TEL AVIV – Israeli researchers, together with peers from the UK and Germany, have developed a new way to detect Parkinson’s disease that has the potential to significantly delay the progression of the neurodegenerative illness.
Researchers have isolated biomarkers in mice — specifically the aggregation of the alpha-synuclein protein — a hallmark of the disease that causes the collapse of motor and non-motor functions including speech, movement, sleep and cognition.
Parkinson’s, which has no known cure, currently affects 10 million people around the world.
By the time a patient is diagnosed with Parkinson’s disease, 50% to 80% of the dopaminergic cells in the part of the brain called substantia nigra — which is responsible for coordinating movement — are already dead, possibly due to development of toxicity as a result of aggregation of the alpha-synuclein protein.
“We have developed a new method for tracking early stages of aggregation of alpha-synuclein using super-resolution microscopy and advanced analysis,” Prof. Uri Ashery, head of TAU’s Sagol School of Neuroscience and Wise Faculty of Life Sciences, who co-authored the report, said.
Prof. Uri Ashery, head of the Sagol School of Neuroscience and the George S. Wise Faculty of Life Sciences at Tel Aviv University, left, with co-author Dr Dana Bar-On, of the Sagol School of Neuroscience
“Together with our collaborators at Cambridge University, who developed a special mouse model for Parkinson’s disease, we were able to detect different stages of the aggregation of this protein. We correlated the aggregation with the deteriorating loss of neuronal activity and deficits in the behavior of the mice,” Ashery said.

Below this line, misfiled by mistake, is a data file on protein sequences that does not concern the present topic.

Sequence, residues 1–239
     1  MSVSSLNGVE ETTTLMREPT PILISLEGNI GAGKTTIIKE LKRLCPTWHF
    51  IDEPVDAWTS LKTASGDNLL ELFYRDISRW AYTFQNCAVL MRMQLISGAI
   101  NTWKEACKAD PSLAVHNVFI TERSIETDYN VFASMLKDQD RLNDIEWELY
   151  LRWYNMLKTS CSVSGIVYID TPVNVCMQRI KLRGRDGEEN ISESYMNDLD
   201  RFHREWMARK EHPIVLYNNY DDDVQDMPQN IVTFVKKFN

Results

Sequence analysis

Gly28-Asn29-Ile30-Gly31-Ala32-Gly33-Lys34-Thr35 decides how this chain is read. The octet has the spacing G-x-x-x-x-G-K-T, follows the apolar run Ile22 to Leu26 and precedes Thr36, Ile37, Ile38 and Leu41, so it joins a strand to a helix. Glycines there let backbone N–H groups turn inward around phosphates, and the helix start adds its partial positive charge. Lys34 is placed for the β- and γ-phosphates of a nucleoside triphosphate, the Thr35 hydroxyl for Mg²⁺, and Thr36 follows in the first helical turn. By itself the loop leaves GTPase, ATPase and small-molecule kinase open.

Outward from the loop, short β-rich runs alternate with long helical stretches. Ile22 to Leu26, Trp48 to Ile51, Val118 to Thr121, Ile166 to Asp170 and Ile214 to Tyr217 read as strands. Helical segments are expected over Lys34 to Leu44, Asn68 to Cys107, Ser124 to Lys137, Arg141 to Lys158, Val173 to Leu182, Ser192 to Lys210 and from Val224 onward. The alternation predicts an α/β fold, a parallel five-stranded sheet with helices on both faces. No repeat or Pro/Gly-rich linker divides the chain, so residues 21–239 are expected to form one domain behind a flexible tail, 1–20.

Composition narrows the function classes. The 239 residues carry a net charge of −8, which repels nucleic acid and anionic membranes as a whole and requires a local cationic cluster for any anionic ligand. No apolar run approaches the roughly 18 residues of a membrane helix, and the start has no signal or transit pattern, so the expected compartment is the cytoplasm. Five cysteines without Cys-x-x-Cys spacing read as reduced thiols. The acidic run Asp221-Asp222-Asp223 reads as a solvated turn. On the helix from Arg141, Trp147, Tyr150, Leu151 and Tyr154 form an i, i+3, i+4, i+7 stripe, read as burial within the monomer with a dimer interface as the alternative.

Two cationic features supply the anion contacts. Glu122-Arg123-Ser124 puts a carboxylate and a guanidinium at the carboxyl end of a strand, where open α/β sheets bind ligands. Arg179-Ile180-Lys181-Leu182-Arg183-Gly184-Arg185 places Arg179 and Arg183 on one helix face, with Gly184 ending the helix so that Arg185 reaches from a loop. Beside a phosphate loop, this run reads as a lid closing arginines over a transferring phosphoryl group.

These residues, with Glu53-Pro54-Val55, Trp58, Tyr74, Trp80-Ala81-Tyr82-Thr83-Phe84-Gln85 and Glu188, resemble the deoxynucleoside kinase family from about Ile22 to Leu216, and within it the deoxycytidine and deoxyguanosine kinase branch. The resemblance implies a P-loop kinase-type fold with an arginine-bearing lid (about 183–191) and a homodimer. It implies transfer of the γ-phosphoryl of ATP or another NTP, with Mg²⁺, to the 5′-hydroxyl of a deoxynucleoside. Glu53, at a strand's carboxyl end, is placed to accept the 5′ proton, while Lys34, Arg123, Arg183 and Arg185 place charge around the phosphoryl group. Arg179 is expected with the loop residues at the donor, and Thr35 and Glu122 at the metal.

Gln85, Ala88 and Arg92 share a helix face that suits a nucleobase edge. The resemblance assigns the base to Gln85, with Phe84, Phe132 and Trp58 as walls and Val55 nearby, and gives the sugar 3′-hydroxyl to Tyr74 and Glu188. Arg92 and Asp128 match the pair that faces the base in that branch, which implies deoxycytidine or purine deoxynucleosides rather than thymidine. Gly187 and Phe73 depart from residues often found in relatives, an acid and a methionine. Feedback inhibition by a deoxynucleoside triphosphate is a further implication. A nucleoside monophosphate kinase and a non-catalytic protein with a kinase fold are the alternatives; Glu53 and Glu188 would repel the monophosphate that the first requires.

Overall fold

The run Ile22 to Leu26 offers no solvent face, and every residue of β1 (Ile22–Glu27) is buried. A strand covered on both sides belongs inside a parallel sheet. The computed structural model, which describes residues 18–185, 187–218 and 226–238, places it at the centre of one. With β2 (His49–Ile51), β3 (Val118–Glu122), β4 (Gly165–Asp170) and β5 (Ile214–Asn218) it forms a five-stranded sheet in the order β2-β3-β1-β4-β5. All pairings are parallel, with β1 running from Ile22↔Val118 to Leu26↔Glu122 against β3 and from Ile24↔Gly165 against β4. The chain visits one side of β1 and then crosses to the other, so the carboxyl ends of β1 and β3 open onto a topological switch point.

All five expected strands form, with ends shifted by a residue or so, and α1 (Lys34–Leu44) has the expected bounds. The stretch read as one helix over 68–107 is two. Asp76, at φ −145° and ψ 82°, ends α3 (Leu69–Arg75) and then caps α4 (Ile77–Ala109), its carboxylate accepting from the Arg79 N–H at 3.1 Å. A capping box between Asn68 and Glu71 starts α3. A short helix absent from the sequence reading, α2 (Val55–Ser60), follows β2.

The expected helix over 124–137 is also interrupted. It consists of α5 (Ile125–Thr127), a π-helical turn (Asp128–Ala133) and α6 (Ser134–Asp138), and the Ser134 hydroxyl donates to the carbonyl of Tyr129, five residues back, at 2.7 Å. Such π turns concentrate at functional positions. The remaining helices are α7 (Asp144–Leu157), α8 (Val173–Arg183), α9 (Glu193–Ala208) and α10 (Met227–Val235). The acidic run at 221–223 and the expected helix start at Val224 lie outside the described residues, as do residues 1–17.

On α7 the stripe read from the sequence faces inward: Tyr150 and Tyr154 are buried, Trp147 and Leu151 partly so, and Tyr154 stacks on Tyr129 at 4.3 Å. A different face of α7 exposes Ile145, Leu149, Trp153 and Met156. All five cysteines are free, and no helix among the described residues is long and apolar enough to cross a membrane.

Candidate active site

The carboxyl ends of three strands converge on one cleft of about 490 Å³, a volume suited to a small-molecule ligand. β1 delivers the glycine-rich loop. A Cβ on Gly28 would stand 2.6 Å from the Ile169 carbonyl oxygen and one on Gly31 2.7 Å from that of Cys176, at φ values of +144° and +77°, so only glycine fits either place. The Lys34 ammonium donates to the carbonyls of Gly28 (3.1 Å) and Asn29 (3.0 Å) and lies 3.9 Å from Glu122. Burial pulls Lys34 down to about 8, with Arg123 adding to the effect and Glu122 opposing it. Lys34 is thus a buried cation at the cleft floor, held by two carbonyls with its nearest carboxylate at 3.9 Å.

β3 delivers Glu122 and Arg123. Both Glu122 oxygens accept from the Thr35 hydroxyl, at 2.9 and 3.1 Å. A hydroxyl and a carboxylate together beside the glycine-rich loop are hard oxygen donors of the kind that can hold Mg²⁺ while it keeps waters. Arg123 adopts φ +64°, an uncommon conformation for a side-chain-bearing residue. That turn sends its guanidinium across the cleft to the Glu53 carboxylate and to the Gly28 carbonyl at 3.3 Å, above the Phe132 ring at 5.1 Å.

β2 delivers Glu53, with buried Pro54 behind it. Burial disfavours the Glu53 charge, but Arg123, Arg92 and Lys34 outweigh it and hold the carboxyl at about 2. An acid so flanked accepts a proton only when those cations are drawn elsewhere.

“This is a significant step forward in the world of Parkinson’s research,” he added.
According to co-author Dr. Dana Bar-On of the Sagol School of Neuroscience, early detection will allow closer monitoring of the effects of drugs on alpha-synuclein aggregation.
For example, researchers from TAU and from the Max Planck Institute in Gottingen and Ludwig-Maximilians-Universität München administered a drug called anle138b to diseased mice, significantly improving their pathology by delaying the protein aggregation.
“We hope that this research can be implemented for use in the early diagnosis of Parkinson’s in patients,” said Bar-On. “We’re currently working to implement the methods in a minimally invasive manner with Parkinson’s patients.”
The scientists are planning to expand their research to detect these biomarkers in human Parkinson’s disease patients.
“By detecting aggregates using minimally invasive methods in relatives of Parkinson’s disease patients, we can provide early detection and intervention and the opportunity to track and treat the disease before symptoms are even detected,” Ashery said.